Yeah, exactly! We have a lot of fun with that actually, because you’ve got to assemble your gang, and you’ve seen throughout mission one that people will start to get pulled away and abducted from you, so naturally to rescue yourself you have to rescue your crew and get the band back together, and take the fight back to the Zin.
That opening in the White House, there was loads of stuff going on in the background, there was even a stripper pole! How much time are we going to be spending in the White House, or was that all stuff you just chose to add in cut-scenes as a bit of humour?
That’s just a bit of the early game, of course you’ve got to show “how does one become President in the Saints Row universe?” and then “how does one exercise his executive power?”, so you see that there’s lots of nods to the previous Saints Row games, so if you play through you can see the tiger from the escort missions in the third game, a little scale model of the Saints Row 1 church, Thermopylae from the STAG corporation that you fought at the end of Saints Row 3, little things like that. Even the little voodoo doll from the Sons of Samedi is hanging on a portrait, it’s kind of like these trophies from all the enemies you’ve beaten in the past.
Of course; you can look out towards some of the signage in the city and it’s reacting and giving you messages like “Obey the Zin”, and you can look at some old movies from the eighties like They Live, or The Matrix, or any one of a number of pop-culture references, I mean, as you get through the game you’re going to start seeing more and more of those. Some subtle, some not so subtle, but all of them showing the love we have for them. Not just the visuals, but the audio; music kind of really brings back memories, and it’s stuff we all grew up with, and there’s some stuff in there I can’t wait for people to get their ears and eyes on. If you love the eighties, and from the nineties you’re going to find a lot of cool stuff to make you smile, and if you don’t you might be dead inside.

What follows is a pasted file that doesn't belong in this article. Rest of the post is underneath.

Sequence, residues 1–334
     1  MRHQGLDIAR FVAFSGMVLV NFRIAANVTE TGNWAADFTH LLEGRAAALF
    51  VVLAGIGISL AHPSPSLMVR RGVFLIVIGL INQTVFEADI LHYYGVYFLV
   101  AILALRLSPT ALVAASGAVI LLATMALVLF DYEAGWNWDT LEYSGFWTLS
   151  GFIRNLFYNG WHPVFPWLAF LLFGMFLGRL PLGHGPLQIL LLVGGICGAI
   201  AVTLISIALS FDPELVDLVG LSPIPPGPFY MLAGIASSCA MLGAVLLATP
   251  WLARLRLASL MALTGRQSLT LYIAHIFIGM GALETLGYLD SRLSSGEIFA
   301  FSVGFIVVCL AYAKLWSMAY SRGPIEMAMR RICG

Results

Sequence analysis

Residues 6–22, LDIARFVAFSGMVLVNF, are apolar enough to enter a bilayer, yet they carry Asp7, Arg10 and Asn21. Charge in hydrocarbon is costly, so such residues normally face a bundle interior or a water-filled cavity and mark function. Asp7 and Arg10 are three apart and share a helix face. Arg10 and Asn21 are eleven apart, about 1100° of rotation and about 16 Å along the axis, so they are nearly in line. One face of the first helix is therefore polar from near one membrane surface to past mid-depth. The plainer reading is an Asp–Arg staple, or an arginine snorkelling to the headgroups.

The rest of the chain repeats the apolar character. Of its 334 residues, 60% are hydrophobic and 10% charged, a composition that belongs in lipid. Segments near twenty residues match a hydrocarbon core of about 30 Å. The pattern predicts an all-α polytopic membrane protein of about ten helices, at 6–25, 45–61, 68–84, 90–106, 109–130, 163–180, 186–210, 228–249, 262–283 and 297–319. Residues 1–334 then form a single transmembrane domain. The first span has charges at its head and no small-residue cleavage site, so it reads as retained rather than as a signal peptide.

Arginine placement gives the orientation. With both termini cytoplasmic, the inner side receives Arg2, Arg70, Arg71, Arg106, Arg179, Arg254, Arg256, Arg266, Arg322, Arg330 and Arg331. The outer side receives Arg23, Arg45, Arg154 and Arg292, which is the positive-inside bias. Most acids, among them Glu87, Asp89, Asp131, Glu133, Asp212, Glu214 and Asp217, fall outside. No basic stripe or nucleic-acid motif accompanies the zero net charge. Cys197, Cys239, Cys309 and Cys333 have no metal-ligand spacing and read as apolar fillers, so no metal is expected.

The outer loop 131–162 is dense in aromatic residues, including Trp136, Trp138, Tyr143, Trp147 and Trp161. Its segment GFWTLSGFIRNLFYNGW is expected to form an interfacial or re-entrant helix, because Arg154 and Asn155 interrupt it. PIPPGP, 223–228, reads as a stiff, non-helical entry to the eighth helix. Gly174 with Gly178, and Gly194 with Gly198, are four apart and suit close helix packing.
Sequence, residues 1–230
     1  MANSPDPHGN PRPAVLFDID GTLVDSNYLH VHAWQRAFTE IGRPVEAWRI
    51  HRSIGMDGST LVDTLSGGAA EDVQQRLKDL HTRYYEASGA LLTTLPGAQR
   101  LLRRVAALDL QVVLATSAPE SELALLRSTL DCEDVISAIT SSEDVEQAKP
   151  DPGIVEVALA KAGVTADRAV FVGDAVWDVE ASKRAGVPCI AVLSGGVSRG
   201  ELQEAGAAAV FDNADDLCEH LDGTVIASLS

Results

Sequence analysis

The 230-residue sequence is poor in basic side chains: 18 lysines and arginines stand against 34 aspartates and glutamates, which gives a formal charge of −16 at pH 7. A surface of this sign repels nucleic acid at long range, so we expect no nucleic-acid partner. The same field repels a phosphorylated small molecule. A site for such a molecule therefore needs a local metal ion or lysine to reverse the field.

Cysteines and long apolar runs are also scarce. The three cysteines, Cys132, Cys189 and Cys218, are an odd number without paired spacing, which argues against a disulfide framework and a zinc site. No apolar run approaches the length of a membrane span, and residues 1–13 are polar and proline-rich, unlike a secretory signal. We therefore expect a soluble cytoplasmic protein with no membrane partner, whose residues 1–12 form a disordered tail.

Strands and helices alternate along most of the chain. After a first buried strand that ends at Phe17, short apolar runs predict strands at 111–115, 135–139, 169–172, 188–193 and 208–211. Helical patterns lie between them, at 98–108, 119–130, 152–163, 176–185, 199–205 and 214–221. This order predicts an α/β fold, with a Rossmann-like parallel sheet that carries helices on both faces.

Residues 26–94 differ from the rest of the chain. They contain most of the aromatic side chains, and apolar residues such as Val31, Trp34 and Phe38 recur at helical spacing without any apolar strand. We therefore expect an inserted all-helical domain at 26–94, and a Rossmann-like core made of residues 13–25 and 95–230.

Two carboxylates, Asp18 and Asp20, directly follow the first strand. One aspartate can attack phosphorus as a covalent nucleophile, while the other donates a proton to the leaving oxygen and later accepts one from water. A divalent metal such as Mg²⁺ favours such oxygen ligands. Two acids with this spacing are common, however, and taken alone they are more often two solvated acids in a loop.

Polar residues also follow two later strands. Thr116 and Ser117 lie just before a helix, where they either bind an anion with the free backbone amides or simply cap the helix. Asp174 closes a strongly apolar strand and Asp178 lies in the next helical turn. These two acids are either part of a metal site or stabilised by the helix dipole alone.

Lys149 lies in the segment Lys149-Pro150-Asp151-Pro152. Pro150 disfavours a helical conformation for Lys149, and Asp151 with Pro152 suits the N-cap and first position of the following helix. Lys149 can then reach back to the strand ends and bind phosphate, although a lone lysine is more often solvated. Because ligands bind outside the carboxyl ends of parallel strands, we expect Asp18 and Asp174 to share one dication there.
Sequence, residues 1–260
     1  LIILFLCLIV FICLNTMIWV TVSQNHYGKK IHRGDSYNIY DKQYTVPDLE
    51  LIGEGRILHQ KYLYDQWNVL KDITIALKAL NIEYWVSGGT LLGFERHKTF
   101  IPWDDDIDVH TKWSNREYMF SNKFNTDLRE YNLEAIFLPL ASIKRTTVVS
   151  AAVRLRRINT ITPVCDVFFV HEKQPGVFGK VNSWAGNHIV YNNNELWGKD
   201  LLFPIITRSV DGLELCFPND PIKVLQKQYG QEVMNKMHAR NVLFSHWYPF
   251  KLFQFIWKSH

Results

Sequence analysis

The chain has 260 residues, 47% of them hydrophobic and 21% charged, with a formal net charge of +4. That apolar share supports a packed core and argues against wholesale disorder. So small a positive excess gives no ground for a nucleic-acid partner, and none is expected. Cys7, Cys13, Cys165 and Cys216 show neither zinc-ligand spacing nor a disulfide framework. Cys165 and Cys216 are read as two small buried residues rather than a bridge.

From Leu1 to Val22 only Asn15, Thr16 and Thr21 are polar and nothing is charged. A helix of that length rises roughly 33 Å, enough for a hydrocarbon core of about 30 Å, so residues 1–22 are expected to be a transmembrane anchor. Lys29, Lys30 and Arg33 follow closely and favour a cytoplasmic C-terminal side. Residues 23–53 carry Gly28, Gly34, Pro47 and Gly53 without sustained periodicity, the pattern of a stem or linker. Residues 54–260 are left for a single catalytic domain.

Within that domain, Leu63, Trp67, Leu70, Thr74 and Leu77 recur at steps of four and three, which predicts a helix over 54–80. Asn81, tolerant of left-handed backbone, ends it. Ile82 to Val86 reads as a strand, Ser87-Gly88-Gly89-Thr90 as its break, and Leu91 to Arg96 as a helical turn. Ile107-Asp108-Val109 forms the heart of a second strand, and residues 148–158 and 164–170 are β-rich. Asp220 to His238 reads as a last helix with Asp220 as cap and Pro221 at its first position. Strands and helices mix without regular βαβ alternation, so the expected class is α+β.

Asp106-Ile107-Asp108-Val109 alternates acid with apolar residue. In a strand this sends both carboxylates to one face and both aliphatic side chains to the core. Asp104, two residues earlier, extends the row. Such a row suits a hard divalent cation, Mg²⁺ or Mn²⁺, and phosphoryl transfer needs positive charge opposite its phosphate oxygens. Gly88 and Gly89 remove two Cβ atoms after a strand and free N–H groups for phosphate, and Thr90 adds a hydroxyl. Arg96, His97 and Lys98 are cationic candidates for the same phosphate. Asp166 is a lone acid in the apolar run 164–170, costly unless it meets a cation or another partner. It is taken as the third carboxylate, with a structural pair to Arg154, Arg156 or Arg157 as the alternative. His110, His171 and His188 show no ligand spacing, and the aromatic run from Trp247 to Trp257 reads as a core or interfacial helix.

What was your favourite part to design in terms of the overall city?
One of the coolest things is just making the city react to you; as you’re taking it over and seeing it change, and you see it reacting at you and getting angry at you. It gets like this red colour where you’re fighting back, but then it starts getting desperate and then you start taking it over and then you see it start progressing more to the Saints’ colours as you’re taking over. I think just getting in with those systems, working with the rendering programmers and the different guys and just like “how can we make this city come alive?”, there’s some cool stuff going on, and it’s all stuff I’m pretty proud of.
We’ve already been to Steelport before, so is there a lot of stuff you’ve had to swap around and change and make it completely fresh to those who’ve played the third one to death?
Oh, yeah. And a lot more of it is – now we’ve got superpowers – a lot of it is about verticality, so I’m getting up on rooftops and finding new ways to move through the city, and vehicles become ammo, the skyscraper now becomes something you can launch off of, and just bring the pain to the aliens.
Saints Row IV releases in the UK and across Europe on the 23rd August.
Last five articles by Edward
- Supreme League of Patriots: Season One - Review
- Saints Row: Gat Out of Hell - Review
- Best of 2014 - So I Just Gave Up
- Best of 2014 - I've Never Truly Achieved Anything
- The Second GamingLives Alternative Games of the Year Awards